498th Fighter-Interceptor Squadron
||This article includes a list of references, but its sources remain unclear because it has insufficient inline citations. (December 2012) (Learn how and when to remove this template message)|
|498th Fighter-Interceptor Squadron|
Aircraft and support crews of the 498th FIS at McChord AFB in 1963
|Branch||United States Air Force|
|Nickname(s)||Geiger Tigers (1955-1963) Megas Gatas [sic] Latin Big Cats|
|Patch with 498th Fighter-Interceptor Squadron emblem (approved 7 March 1956)|
The 498th Fighter-Interceptor Squadron is an inactive United States Air Force unit. Its last assignment was with Air Defense Command stationed at Hamilton Air Force Base, California. It was inactivated on 30 September 1968.
World War II
it was established in early 1942 as a III Fighter Command Operational Training Unit (OTU), and equipped with a mixture of second-line single engine training aircraft. The squadron upgraded in 1943 with P-47 Thunderbolts for Replacement Crew Training (RTU). It was inactivated in April 1944.
Air Defense of the Pacific Northwest
The squadron was reactivated in August 1955 as a United States Air Force Air Defense Command interceptor squadron, and assigned to Geiger Field, Washington. Its mission was to provide air defense for the Pacific Northwest. It was equipped with F-86D Sabres, and then upgraded to F-102s in 1957 and then to F-106s in 1959. It was the first operational squadron to receive the Delta Dart.
On 22 October 1962, before President John F. Kennedy told Americans that missiles were in place in Cuba, the squadron dispersed one third of its force, equipped with nuclear tipped missiles to Paine Air Force Base at the start of the Cuban Missile Crisis. These planes returned to McChord after the crisis.
On 15 March 1963 two Soviet bombers overflew Alaska and Alaskan Air Command F-102s were unable to intercept them. The response to this intrusion was to deploy ten F-106s from the squadron and its sister unit, the 318th Fighter-Interceptor Squadron to Alaska in what was called Operation White Shoes. However, maintaining these aircraft for an extended period of time put a strain on the 325th wing's combat readiness back at McChord, and eventually a detachment of maintenance personnel was established to maintain the planes in Alaska. The unit got relief from this commitment while it was upgrading its F-106s from the 1st Fighter Wing, which relieved it from March to June 1964. Operation White Shoes terminated in 1965 and the unit's planes returned home.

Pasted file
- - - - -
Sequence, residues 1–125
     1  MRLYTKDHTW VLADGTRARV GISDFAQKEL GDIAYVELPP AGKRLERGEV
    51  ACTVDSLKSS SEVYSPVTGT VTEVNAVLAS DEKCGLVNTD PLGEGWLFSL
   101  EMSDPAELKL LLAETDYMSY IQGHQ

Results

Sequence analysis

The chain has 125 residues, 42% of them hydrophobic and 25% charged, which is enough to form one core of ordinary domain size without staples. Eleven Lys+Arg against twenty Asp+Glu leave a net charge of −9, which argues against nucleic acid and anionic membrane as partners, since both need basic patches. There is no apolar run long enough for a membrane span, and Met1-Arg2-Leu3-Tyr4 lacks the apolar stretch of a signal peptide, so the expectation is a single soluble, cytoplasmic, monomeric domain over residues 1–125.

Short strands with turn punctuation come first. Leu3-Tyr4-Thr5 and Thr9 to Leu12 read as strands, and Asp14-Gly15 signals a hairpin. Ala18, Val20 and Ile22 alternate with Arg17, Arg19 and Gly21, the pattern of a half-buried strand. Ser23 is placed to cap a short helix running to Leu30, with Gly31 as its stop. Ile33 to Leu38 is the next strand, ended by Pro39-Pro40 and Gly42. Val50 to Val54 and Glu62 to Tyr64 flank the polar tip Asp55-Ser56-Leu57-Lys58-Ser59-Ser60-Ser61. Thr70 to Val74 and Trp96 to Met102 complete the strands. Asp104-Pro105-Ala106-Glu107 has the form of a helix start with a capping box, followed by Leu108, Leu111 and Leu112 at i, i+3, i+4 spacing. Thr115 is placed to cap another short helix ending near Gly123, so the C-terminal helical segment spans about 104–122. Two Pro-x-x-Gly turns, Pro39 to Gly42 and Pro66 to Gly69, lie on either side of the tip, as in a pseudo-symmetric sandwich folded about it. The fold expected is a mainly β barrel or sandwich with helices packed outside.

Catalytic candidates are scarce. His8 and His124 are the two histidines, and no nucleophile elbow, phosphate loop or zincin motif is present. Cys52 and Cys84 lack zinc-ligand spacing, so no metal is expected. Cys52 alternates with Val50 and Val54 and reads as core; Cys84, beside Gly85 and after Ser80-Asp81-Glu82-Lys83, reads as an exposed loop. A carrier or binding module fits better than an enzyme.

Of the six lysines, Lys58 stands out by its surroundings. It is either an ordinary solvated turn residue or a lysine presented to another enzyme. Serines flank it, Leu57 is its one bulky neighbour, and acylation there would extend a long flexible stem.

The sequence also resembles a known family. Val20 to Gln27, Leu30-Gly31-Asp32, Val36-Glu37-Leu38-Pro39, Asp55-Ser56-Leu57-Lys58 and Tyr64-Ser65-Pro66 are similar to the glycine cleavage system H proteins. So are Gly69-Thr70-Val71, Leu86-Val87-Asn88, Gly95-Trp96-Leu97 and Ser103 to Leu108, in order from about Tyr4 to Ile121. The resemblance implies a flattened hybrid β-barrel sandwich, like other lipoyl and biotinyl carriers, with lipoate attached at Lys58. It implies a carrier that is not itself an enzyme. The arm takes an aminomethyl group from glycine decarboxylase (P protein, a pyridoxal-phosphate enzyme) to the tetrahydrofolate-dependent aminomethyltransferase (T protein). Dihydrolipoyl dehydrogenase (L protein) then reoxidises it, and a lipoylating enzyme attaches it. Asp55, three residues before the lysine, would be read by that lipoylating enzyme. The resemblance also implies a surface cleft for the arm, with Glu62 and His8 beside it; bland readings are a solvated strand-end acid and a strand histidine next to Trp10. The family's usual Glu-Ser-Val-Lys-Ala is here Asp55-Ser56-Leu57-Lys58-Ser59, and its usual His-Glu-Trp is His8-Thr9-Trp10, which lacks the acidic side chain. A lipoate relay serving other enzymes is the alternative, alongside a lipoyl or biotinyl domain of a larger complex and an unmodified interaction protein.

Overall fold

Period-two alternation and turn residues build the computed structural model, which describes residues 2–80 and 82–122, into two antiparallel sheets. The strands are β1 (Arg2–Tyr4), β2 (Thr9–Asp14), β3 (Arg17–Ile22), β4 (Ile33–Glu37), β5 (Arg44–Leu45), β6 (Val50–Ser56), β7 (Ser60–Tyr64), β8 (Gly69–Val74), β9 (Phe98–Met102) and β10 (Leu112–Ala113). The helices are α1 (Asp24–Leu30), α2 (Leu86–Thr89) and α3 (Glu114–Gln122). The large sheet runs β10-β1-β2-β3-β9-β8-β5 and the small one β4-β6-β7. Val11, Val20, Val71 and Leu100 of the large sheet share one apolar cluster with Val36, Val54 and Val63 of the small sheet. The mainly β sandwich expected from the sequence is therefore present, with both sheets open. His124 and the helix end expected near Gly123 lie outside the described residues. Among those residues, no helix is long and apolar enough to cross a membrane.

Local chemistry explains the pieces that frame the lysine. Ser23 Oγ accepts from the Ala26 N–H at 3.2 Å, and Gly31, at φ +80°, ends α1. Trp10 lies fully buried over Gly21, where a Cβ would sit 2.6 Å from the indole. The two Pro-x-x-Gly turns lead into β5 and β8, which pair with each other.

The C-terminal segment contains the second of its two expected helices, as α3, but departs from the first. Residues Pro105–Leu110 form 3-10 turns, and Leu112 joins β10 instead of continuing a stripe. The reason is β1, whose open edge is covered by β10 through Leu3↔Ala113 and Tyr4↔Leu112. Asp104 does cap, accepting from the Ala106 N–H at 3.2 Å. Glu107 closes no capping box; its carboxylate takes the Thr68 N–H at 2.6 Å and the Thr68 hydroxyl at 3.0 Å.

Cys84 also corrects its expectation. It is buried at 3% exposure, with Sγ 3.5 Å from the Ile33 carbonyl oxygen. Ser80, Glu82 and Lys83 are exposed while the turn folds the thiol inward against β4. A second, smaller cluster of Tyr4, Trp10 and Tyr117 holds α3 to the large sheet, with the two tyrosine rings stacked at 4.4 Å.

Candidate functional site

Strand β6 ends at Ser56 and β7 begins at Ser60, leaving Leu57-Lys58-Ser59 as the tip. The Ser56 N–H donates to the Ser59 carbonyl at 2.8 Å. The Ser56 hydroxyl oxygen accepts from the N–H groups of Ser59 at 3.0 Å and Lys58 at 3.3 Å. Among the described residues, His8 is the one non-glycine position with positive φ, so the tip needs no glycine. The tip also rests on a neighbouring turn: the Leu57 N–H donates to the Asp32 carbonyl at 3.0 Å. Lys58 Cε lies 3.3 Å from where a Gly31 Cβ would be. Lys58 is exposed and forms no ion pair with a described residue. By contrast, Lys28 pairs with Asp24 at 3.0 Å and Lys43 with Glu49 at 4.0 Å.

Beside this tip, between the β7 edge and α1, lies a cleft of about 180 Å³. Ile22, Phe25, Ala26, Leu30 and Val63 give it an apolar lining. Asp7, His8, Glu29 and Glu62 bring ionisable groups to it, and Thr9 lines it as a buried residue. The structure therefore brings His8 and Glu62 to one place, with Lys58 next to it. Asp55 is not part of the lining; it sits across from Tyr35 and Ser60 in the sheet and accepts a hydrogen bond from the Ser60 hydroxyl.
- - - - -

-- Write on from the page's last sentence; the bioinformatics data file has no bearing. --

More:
It moved to McChord AFB in 1963, and to Paine Field in 1966.
- Constituted 303d Bombardment Squadron (Light) on 13 January 1942.
- Activated on 10 February 1942
- Redesignated: 303d Bombardment Squadron (Dive) on 27 July 1942
- Redesignated: 498th Fighter-Bomber Squadron on 10 August 1943.
- Disbanded on 1 April 1944
- Reconstituted, and redesignated 498th Fighter-Interceptor Squadron, on 20 June 1955.
- Activated on 18 August 1955.
- Inactivated on 30 September 1968.
- 84th Bombardment (later Fighter-Bomber) Group, 10 February 1942 – 1 April 1944
- 84th Fighter Group (Air Defense), 18 August 1955
- 325th Fighter Wing (Air Defense), 1 July 1963
- 57th Fighter Group (Air Defense), 25 January 1966
- 78th Fighter Group, 30 September 1968
- Hunter Field, Georgia, 10 February 1942
- Drew Field, Florida, 8 February 1943
- Harding Field, Louisiana, 4 October 1943
- Hammond Army Air Field, Louisiana, c. 11 October 1943
- Abilene Army Air Field, Texas, February 11 – 1 April 1944
- Geiger Field, Washington, 18 August 1955
- McChord Air Force Base, Washington, 1 July 1963
- Paine Field, Washington, 14 June 1966
- Hamilton Air Force Base California, 30 September 1968
- V-72 Vengeance, 1942
- A-24 Banshee, 1942–1943
- P-39 Airacobra, 1943
- P-47 Thunderbolt, 1943–1944
- F-86D Sabre Interceptor, 1955–1957
- F-102A Delta Dagger, 1957–1959
- F-106A Delta Dart, 1959–1968
- Maurer, Maurer, ed. (1982) . Combat Squadrons of the Air Force, World War II (PDF) (reprint ed.). Washington, DC: Office of Air Force History. pp. 600–601. ISBN 0-405-12194-6. LCCN 70605402. OCLC 72556.
- McMullen, Richard F. (1964) "The Fighter Interceptor Force 1962-1964" ADC Historical Study No. 27, Air Defense Command, Ent Air Force Base, CO (Confidential, declassified 22 Mar 2000), pp. 10-12
- NORAD/CONAD Participation in the Cuban Missile Crisis, Historical Reference Paper No. 8, Directorate of Command History Continental Air Defense Command, Ent AFB, CO , 1 Feb 63 (Top Secret NOFORN declassified 9 March 1996). P. 16
- McMullen, p. 27
- McMullen, pp. 28-29
- McMullen, pp. 32-34
- Cornett, Lloyd H.; Johnson, Mildred W. (1980). A Handbook of Aerospace Defense Organization, 1946–1980 (PDF). Peterson AFB, CO: Office of History, Aerospace Defense Center.
- Maurer, Maurer, ed. (1982) . Combat Squadrons of the Air Force, World War II (PDF) (reprint ed.). Washington, DC: Office of Air Force History. ISBN 0-405-12194-6. LCCN 70605402. OCLC 72556.
- McMullen, Richard F. (1964) "The Fighter Interceptor Force 1962-1964" ADC Historical Study No. 27, Air Defense Command, Ent Air Force Base, CO (Confidential, declassified 22 Mar 2000)
- NORAD/CONAD Participation in the Cuban Missile Crisis, Historical Reference Paper No. 8, Directorate of Command History Continental Air Defense Command, Ent AFB, CO , 1 Feb 63 (Top Secret NOFORN declassified 9 March 1996)
- "ADCOM's Fighter Interceptor Squadrons". The Interceptor (January 1979) Aerospace Defense Command, (Volume 21, Number 1)